ADB to grant USD 3 million for improving school dormitoriesSociety
Ulaanbaatar /MONTSAME/ The Asian Development Bank (ADB) has approved a grant of USD 3 million for a pilot project to make the dilapidated school dormitories of Mongolia’s poor and sparsely populated western region fit for students.
The grant is from the Japan Fund for Poverty Reduction, financed by the Government of Japan and administered by ADB.
“Chronically low levels of capital investment have left school dormitories, built during the 1970s and 1980s, run down and lacking safe drinking water, adequate sanitation and heating, and protection from rain and wind,” said Asako Maruyama, an ADB Education Specialist. “By piloting models to improve the buildings and services offered by dormitories, this project will promote equal access to quality education, particularly for children from herder families.”
The western region is poor—32.5% of the population in 2012 compared to the national average of 27.4%, with nomadic herders accounting for almost 42% of poor households. Mongolia’s school dormitory system was developed to ensure wider access to education, particularly for students from herder families.
Besides dilapidated structures, dormitories have inadequate staffing to look after students’ study, reading, or extracurricular activities. In addition, the dormitory teachers and guards who stay with students at night lack the skills needed to work and communicate with children. Parents in rural remote areas are often unwilling to send young children to schools because of the unfavorable school dormitory environment.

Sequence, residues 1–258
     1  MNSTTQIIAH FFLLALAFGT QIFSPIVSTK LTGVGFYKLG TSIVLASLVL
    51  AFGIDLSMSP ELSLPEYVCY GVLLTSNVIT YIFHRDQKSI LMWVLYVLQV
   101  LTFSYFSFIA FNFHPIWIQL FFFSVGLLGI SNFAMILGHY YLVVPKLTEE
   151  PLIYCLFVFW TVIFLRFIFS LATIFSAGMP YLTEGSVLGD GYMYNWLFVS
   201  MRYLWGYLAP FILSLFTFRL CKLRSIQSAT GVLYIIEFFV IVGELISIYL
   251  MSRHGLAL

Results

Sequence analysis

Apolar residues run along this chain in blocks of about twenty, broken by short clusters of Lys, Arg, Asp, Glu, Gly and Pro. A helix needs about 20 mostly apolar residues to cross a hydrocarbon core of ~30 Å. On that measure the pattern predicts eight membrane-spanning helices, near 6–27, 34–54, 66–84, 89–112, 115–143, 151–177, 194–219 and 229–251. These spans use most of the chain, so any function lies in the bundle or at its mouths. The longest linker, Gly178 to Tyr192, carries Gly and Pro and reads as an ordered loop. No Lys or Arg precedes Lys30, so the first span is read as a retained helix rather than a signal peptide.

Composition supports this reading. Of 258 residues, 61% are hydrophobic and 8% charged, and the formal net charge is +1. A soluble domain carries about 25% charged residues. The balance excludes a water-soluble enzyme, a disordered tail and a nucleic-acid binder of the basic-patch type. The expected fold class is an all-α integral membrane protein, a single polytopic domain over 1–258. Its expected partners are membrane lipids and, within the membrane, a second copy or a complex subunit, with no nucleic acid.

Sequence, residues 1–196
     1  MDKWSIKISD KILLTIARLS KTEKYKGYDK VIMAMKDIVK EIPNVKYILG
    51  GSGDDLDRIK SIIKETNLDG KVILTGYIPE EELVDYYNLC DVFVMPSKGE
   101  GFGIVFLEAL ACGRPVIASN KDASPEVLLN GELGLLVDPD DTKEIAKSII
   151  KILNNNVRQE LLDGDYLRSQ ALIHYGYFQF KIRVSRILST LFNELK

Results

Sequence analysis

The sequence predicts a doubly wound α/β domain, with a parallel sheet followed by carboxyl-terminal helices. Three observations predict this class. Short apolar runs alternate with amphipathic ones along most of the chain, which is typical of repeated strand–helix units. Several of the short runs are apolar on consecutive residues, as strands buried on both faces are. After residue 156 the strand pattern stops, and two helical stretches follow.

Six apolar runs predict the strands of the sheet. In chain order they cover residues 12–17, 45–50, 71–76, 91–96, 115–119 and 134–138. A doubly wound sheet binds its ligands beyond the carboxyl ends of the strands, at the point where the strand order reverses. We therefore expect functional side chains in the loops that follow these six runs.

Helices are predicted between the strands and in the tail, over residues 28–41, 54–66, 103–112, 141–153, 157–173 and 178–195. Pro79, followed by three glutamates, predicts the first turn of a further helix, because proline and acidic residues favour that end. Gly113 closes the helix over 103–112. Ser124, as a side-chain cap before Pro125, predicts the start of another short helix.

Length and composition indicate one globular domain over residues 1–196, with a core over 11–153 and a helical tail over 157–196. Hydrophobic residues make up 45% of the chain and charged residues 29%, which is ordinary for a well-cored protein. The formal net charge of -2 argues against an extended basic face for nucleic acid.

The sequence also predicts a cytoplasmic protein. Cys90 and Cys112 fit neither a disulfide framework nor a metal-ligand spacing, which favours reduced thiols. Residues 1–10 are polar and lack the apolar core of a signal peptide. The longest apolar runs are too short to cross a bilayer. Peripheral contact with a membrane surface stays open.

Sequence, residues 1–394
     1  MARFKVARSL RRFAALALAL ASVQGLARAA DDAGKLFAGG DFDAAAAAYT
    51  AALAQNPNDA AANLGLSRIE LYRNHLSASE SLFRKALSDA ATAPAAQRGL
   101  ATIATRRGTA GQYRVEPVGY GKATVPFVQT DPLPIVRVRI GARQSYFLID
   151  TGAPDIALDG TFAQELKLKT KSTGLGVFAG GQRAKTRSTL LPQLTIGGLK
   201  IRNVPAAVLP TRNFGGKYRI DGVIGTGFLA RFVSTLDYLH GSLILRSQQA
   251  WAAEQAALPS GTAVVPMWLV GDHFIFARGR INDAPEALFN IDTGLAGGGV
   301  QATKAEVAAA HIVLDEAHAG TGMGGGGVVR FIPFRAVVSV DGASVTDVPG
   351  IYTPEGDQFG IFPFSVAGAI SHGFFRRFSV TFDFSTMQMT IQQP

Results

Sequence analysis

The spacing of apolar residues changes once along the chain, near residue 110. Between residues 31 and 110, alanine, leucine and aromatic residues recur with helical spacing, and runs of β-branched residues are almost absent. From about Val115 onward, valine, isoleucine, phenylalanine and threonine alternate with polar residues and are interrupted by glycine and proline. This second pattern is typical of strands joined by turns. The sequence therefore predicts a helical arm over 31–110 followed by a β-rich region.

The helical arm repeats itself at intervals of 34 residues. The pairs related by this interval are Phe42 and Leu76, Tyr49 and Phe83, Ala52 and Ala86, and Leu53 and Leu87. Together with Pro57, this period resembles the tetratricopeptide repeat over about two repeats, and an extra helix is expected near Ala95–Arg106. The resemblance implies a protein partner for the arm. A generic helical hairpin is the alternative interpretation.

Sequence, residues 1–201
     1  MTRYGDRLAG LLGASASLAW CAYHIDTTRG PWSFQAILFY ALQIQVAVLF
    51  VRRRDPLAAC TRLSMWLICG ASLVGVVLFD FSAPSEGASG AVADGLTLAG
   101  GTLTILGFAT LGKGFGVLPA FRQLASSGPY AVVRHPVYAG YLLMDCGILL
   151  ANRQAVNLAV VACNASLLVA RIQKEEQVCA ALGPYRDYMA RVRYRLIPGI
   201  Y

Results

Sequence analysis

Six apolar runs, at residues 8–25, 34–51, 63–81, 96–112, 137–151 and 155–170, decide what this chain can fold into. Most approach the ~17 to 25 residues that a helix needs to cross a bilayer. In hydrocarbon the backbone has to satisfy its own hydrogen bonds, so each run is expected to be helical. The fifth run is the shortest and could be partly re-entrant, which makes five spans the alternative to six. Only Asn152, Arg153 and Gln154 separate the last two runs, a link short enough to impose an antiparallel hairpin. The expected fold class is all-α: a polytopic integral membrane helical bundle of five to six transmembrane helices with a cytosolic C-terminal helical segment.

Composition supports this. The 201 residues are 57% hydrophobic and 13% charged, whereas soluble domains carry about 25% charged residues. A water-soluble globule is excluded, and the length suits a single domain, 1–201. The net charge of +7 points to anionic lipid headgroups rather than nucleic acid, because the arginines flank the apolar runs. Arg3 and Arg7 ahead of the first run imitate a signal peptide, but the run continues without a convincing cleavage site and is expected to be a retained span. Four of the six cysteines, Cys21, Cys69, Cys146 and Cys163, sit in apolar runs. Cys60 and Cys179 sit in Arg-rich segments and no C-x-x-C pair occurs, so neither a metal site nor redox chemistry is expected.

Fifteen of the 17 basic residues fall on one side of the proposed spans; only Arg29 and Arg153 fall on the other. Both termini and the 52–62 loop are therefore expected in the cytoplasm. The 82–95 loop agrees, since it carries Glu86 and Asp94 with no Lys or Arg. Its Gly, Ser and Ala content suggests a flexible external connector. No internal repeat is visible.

The project will improve the school dormitory environment in three aimags (districts) of the western region—Govi-Altai, Uvs, and Zavkhan—by incorporating elements responsive to gender, age, and special needs in the water, sanitation and hygiene facility design. Capacity building for dormitory staff, teachers, and school management will be provided, as well as a financing policy to upgrade the school dormitory system.
Of Mongolia’s five regions, the western region has the largest number of students staying in dormitories and 86% of these students are from herder families. In 2012, the region had a primary completion rate of 86.1%, the lowest in Mongolia and well below the national average of 94.5%. Children in the region tend to start school later than the official school age of 6. A 2008 study found that students staying in dormitories have lower academic performances.
The project will draw on good practices in boarding school management in Japan and elsewhere to develop comprehensive standards and a national strategy to improve the school dormitory environment. A built-in evaluation system will assess the impacts of an improved school dormitory physical environment and services on student learning.
In Mongolia, ADB approved assistance totaling $218.8 million in 2014, including 4 sovereign loans of $168.5 million; nonsovereign loans of $40 million; and 15 technical assistance grants totaling $10.31 million.
ADB, based in Manila, is dedicated to reducing poverty in Asia and the Pacific through inclusive economic growth, environmentally sustainable growth, and regional integration. Established in 1966, it is owned by 67 members – 48 from the region. In 2014, ADB assistance totaled $22.9 billion, including cofinancing of $9.2 billion, ADB reports.